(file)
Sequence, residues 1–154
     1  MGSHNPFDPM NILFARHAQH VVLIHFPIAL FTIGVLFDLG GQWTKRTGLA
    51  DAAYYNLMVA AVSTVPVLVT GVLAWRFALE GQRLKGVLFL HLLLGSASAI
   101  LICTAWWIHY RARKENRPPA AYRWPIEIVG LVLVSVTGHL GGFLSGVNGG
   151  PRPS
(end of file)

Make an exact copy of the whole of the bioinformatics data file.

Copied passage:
Sequence, residues 1–154
     1  MGSHNPFDPM NILFARHAQH VVLIHFPIAL FTIGVLFDLG GQWTKRTGLA
    51  DAAYYNLMVA AVSTVPVLVT GVLAWRFALE GQRLKGVLFL HLLLGSASAI
   101  LICTAWWIHY RARKENRPPA AYRWPIEIVG LVLVSVTGHL GGFLSGVNGG
   151  PRPS